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finding the capacity of NiCd or NiMH cells?


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Hi guys can any one tell me a way to find the current capacity for NiCd or NiMH cells.
Usually its written on the cell itself but if u need to replace an internal customised cell , how do u do it. i have a black and decker 2.4V cordless screwdriver. the problem is that we donot have a black&decker authorised dealer or service centre in INDIA , i need to change its batteries but the capacity is not written on it any where, the size also is a non standard type like i think its a 1/2D. the cells are enclosed in a paper jacket and fitted in a plastic case. the screw driver is working fine till now but once the battery life goes down it may be difficult to predict its capacity. Does anyone have a generalised type circuit to find the mAh capacity for these batteries. ;)

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How do u measure the capacity with a discharge resistor and timer circuit. is it like this that u fix a discharge current value using a resistor and and find the time for which the cell can supply the current. u surely need high wattage resistors for it but what should the approximate range for the resisitor value be?

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the quick and dirty formula for constant current charging is:

(cell capacity mAH/constant current mA) * 1.4 = charging time H

so, for a 2500mAH cell, charged at 500mA: (2500mAH/500mA) * 1.4 = 7 hours during charging the cell remains cool to barely warm. when it is about to reach the end of the charging time it suddenly becomes very warm to very hot. at this point they are fully charged. you need to get the average CHARGING TIME of the cells. make sure they are discharged, charge them one at a time at a known constant current, then get the average. you have to disregard the bad cells. check the TEMPERATURE every half hour or so to know if they are "fully charged". reversing the formula:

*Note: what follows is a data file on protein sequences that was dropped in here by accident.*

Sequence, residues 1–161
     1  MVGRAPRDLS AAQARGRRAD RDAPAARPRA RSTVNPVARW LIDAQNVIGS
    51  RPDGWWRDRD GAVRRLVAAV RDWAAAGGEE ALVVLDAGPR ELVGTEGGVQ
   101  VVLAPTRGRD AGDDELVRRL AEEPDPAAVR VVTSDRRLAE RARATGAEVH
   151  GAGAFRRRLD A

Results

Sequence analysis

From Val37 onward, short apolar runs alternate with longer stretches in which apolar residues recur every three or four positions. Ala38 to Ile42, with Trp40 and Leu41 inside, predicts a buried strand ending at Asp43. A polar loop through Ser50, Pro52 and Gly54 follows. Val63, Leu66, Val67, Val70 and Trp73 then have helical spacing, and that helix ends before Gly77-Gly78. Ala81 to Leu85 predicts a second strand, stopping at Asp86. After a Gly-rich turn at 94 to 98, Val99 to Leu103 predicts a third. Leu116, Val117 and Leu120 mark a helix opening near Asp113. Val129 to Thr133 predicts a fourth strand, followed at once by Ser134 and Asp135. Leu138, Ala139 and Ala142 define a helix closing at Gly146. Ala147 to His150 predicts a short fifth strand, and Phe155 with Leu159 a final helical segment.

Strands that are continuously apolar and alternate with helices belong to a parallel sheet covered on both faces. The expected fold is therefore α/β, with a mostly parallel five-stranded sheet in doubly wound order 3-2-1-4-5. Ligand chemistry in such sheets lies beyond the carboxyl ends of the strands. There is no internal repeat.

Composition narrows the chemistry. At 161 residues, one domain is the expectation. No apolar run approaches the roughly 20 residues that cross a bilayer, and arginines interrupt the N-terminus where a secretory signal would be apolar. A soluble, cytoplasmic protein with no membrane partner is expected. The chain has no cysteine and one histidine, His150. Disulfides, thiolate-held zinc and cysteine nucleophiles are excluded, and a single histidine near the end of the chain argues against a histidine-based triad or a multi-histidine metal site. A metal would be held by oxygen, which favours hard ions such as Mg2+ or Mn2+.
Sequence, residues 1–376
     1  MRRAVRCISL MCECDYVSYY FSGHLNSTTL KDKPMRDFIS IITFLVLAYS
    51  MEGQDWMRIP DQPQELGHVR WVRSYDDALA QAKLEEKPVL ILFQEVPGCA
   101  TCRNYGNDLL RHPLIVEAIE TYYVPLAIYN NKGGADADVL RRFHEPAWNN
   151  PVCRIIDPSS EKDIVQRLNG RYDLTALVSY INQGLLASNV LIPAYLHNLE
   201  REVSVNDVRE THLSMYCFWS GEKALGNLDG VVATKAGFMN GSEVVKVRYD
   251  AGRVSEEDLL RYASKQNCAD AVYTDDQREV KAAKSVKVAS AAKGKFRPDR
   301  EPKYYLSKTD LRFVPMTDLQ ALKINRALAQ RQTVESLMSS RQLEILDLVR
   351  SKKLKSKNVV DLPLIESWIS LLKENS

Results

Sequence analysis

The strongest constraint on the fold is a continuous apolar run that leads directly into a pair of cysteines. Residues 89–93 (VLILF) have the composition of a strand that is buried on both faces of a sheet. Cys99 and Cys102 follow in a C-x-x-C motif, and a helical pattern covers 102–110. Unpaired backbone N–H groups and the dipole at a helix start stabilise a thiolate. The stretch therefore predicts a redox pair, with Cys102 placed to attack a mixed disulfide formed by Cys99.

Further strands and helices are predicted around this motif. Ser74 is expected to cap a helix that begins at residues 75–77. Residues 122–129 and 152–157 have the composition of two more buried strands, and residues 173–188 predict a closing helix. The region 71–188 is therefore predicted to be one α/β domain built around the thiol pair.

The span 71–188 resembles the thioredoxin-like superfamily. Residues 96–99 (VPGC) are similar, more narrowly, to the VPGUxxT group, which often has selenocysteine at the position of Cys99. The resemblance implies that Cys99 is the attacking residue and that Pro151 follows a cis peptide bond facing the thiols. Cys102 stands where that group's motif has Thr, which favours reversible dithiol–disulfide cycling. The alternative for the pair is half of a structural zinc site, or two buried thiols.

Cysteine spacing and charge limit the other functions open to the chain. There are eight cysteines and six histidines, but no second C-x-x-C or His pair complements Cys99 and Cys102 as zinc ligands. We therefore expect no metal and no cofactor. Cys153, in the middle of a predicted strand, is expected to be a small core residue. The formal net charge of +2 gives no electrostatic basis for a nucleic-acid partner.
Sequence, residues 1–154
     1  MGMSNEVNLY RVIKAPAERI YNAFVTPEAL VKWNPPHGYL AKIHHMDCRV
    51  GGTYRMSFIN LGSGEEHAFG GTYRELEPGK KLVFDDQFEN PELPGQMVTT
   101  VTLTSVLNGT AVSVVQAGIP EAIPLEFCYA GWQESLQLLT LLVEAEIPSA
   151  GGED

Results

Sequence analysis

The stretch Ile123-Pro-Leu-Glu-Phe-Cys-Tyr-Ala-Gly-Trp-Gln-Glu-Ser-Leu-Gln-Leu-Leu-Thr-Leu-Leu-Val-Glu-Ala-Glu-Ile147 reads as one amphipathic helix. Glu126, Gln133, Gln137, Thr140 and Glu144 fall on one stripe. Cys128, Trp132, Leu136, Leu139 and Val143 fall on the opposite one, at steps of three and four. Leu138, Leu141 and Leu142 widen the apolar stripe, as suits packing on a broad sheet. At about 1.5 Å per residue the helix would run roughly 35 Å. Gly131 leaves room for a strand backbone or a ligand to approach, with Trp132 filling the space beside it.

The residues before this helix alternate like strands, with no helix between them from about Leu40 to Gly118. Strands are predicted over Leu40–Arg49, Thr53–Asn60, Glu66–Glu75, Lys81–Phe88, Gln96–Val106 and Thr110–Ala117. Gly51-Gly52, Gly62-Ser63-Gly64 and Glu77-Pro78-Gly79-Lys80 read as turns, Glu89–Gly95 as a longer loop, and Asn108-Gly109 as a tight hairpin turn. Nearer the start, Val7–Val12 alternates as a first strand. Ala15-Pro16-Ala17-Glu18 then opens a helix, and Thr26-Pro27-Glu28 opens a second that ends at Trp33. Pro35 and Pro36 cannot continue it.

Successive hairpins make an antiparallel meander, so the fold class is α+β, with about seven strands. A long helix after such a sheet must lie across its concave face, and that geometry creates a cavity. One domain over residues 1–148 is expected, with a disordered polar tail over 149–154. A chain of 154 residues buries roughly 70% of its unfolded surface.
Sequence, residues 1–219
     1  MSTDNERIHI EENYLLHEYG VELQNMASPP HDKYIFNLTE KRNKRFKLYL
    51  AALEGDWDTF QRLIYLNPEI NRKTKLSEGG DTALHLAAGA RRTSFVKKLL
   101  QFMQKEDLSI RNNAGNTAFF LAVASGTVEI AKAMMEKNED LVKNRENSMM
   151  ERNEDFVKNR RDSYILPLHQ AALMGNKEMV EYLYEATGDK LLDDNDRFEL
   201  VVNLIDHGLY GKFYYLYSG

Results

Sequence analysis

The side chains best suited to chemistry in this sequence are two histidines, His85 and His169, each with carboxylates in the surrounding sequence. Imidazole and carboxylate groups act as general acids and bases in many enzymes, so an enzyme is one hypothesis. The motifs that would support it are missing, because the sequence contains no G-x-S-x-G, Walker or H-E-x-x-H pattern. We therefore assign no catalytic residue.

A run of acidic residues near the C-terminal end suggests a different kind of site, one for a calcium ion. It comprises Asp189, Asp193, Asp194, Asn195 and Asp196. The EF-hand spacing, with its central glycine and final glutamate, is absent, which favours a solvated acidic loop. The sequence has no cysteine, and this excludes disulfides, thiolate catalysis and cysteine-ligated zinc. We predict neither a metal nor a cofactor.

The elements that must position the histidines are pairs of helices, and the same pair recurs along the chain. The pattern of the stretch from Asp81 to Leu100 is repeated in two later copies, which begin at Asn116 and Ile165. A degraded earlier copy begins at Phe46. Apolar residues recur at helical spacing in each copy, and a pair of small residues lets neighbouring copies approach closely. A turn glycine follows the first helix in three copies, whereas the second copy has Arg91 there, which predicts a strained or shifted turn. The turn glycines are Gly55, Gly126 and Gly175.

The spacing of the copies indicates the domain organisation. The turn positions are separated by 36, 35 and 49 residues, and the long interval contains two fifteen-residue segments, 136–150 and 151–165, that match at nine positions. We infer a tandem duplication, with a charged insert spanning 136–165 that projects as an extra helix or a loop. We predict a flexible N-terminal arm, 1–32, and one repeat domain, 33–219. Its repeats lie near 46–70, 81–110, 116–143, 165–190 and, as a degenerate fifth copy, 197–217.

(charging time H / 1.4) * charging current mA = cell capacity mAH

so if you charged for 9 hours at constant current 250mA:

(9H / 1.4) * 250mAH = 1607.1428571428571428571428571429 mAH

*** 1.4 is a constant derived from charging C10 for 12-16 hours (standard charging). i used 14 hours because it is the median of 12 and 16.

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It is not accurate to calculate the discharge capacity of a recharable battery by its charging time because charging is not efficient.
Energizer use a discharge current of 0.2 of its rated capacity and stop the timer when the loaded battery voltage drops to 1V per cell.

The cells are 1.25V over most of the discharge and you have only two cells, so 2.5V/0.5A= 5 ohms for a load and its power rating is only 2.5V x 0.5A= 1.25W.
Make a timer and a 2V voltage detector. The detector stops the timer when the discharging battery voltage drops to 2V.


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